Innovations in Fractional Calculus and Applications to Functional and Biological Materials
CECAM-HQ-EPFL, Lausanne, Switzerland
Fractional partial differential equations (FPDEs) are emerging as a powerful tool for modeling challenging multiscale phenomena including microstructure in materials, overlapping microscopic and macroscopic scales, anomalous transport, and long-range time memory or spatial interactions. Furthermore, fractional calculus is an excellent framework for modelling nonconventional fractal and non-local media, opening valuable prospects on future engineered materials. Compared to integer-order PDEs, the fractional order of the derivatives in FPDEs may be a function of space and time or even a distribution, opening up great opportunities for modeling and simulation of multi-physics phenomena, e.g. seamless transition from wave propagation to diﬀusion, or from local to non-local dynamics. In addition, data-driven fractional diﬀerential operators may be constructed to ﬁt data from a particular experiment or speciﬁc phenomenon, including the eﬀect of uncertainties, in which the fractional orders are determined directly from the data, and introducing nonlinearities leading to more complex operators, with one or more fractional orders, capable to model less typical phenomena (such as, for instance, wave propagation in heterogeneous systems). Similarly, in imaging applications the variable and even distributed fractional order that may change in space offer great flexibility that can be used to suppress noise while preserving edge sharpness.
In short, FPDEs lead to a paradigm shift, according to which data-driven fractional operators may be constructed to model a speciﬁc phenomenon instead of the current practice of tweaking free parameters that multiply pre-set integer-order differential operators. Also important is that the misspeciﬁcation of physical models using integer order derivatives leads to a variable coeﬃcient ﬁt (struggling to ﬁt the data at each location, for example) whereas it was shown in the literature that the “correct” fractional order model can ﬁt all the data with a constant coeﬃcient model.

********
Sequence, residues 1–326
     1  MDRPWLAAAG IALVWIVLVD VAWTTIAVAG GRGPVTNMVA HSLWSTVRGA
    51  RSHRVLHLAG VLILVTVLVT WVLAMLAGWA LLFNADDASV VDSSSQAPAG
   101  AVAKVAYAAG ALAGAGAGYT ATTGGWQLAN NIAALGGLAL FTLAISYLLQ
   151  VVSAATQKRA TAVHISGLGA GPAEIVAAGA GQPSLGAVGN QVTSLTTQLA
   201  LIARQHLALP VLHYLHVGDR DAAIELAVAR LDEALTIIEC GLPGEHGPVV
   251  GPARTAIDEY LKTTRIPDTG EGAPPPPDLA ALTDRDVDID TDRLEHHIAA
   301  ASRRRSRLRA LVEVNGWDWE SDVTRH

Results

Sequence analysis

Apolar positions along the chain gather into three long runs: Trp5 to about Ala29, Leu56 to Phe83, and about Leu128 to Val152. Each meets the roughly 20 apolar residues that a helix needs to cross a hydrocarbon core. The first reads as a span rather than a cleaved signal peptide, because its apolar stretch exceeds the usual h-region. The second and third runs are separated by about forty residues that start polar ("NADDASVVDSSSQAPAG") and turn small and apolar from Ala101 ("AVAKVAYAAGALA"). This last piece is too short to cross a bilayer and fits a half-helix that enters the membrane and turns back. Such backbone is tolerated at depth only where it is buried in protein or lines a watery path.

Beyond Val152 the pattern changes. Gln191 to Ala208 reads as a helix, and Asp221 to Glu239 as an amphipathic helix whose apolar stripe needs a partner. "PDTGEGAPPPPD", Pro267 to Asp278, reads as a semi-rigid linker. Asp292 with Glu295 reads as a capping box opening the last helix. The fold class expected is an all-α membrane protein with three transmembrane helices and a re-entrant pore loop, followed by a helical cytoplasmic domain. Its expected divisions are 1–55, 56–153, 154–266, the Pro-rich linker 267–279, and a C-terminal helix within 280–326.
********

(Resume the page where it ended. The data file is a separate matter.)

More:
The main reasons that FPDE modeling has not been used extensively so far is that FPDEs are non-unique and that they are quite expensive to solve numerically as they typically generate dense linear algebraic systems due to the nonlocality of fractional differential operators. Furthermore, FPDEs present additional mathematical and numerical difficulties, which are not encountered in the context of integer-order PDEs.
This workshop will focus on the use of fractional calculus in different areas of materials, addressing multiscale structure, porous media, crack propagation, visco-elasto-plasticity, wave propagation, non-local continua, dynamic fracture in brittle and quasi-brittle solids.etc.. We will invite researchers who work on multiscale modeling of materials as well as applied mathematicians who have made significant progress in advancing the fundamentals of FPDEs.
Igor Podlubny (Technical University of Kosice) - Organiser
Ignacio Pagonabarraga (UB) - Organiser
Jan Hesthaven (EPFL) - Organiser
George Karniadakis (Brown University, Providence, RI) - Organiser